Moshe goes on, “From there, from the contemplative distance of the exile you will long, you will thirst for your God. In distress and pain you will return to Him. And He will listen to you. He is merciful and He will want you back. You will not be destroyed. You will be redeemed.” Beautiful, we’re moving away from Bein HaMeitzarim. The connection between the Moment and the Verse has been found.
But Moshe doesn’t stop: “Look back at what has preceded you: Your God extracted you when you were in Egypt. You looked and acted no different than your oppressors. They served idols and you did as well. Yet He took you out in dramatic and miraculous fashion. And your God revealed Himself to you. You heard His Voice speak directly to you at Sinai. You experienced this and lived. Your relationship with him is unique. Therefore, Atah Hareisa LaDa’as Ki Hashem Hu HaElokim, Ein Od Milvado! You have been shown; you know that God is the source of all of the forces, both spiritual and physical. There is none other than Him!”
This passage does many things to the national psyche. It informs, it cautions and it inspires. But the ending doesn’t fit. We are told that if we do wrong we will be punished and when we repent we will be forgiven. Why is this fact backed up with the memory of the Exodus and Mount Sinai? And why does that have to be topped off with Atah Hareisa?!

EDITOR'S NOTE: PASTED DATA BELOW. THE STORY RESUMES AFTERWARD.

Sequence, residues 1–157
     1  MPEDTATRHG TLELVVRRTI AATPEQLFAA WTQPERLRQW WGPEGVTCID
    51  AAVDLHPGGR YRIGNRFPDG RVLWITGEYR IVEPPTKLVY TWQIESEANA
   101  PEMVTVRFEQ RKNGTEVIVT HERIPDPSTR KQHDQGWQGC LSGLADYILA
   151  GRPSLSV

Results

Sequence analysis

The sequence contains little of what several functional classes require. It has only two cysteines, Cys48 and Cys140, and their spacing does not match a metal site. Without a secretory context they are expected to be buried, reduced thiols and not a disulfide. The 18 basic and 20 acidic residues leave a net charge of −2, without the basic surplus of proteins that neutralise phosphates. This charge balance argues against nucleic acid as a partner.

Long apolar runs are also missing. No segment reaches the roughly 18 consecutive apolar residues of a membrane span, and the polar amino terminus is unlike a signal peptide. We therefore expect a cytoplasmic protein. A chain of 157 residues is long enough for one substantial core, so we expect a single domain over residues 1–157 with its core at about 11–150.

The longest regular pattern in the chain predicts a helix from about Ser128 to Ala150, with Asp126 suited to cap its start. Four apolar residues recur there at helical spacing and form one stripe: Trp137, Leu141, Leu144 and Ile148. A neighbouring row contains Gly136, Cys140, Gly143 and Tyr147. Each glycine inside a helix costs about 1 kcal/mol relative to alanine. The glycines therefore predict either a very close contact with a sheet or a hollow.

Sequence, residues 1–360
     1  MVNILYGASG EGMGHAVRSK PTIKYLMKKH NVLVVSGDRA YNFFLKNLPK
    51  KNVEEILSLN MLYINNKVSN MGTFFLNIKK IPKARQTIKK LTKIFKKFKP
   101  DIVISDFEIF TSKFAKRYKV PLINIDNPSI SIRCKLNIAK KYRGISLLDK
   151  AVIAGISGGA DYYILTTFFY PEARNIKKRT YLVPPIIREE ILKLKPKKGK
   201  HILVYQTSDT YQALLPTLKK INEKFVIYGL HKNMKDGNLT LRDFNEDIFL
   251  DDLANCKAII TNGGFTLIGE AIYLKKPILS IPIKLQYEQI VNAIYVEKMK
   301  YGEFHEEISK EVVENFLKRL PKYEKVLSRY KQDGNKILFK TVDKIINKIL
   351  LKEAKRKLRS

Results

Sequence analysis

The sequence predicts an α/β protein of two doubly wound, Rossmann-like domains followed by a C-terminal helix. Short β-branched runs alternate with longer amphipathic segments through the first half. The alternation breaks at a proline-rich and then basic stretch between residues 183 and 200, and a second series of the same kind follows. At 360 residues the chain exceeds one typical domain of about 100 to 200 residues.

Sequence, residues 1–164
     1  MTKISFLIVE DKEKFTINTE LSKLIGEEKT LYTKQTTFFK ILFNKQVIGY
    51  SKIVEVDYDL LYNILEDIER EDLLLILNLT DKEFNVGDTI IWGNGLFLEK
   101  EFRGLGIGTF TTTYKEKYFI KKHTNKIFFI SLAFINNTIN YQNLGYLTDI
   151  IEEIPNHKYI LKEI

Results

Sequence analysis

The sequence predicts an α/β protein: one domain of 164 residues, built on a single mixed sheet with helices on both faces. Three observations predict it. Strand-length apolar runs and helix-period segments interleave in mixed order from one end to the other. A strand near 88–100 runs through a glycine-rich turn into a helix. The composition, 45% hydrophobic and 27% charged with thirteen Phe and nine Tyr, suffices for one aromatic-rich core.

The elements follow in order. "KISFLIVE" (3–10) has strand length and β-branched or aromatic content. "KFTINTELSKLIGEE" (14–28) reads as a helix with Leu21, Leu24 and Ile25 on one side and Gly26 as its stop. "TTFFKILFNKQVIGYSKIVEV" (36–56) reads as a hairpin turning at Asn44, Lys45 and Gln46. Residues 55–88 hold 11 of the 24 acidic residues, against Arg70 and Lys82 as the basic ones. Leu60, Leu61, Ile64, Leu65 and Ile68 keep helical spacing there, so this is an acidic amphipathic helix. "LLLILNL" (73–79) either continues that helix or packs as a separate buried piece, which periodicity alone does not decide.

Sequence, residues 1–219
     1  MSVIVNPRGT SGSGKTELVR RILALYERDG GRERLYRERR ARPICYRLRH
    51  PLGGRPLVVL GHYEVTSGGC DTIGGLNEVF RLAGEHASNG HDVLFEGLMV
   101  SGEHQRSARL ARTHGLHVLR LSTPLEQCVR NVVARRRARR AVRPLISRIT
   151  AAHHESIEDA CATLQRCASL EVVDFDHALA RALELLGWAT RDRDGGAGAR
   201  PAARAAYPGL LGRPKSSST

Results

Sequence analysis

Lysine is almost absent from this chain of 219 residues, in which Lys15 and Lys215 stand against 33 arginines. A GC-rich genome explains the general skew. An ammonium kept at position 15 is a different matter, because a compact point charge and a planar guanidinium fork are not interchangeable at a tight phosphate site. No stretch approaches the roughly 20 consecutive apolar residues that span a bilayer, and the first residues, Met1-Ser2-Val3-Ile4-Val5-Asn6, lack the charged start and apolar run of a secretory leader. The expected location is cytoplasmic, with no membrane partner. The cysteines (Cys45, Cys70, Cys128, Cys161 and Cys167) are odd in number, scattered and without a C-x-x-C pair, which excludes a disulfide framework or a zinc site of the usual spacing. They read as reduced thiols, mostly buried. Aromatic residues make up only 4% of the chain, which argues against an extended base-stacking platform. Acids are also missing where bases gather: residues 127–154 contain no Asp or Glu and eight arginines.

Says Rashi, at the moment of Atah Hareisa, at the time of the declaration of God’s Supreme Unity, Hashem was Kara Es Ha’Elyonim V’Kara Es HaTachtonim. ripped open the Elyonim (the upper spheres of existence) and He ripped open the Tachtonim (the lower realms of reality). His presence descended so that it could be revealed through all of the layers of the universe, and He simultaneously busted open physicality to make it receptive to that immense spirituality.
This dynamic of revelation to the world is a manifestation of the preceding reminders of the Exodus and the experience of Sinai. During Yetziyas Mitzrayim, God went against the natural format of the world by forcibly extracting a spiritually jaded Jewish people. We are taught that at the time of the Exodus we were on the brink of spiritual demise. But God, due to His immense love for us turned up the spirituality-dial and rocketed us out of there. He brought every single person to the level of immense prophecy, even though we were not ready to receive it. He elevated us out of the depths. He ripped open the Tachtonim.
At Ma’amad Har Sinai, as the nation stood at the foot of the mountain He did the opposite. He appeared within the fire and smoke and brought Himself (so to speak) down to us. His voice, a voice without physical manifestation, echoed through the world. He took the loftiness of the upper echelons and delivered it to us. He ripped open the Elyonim.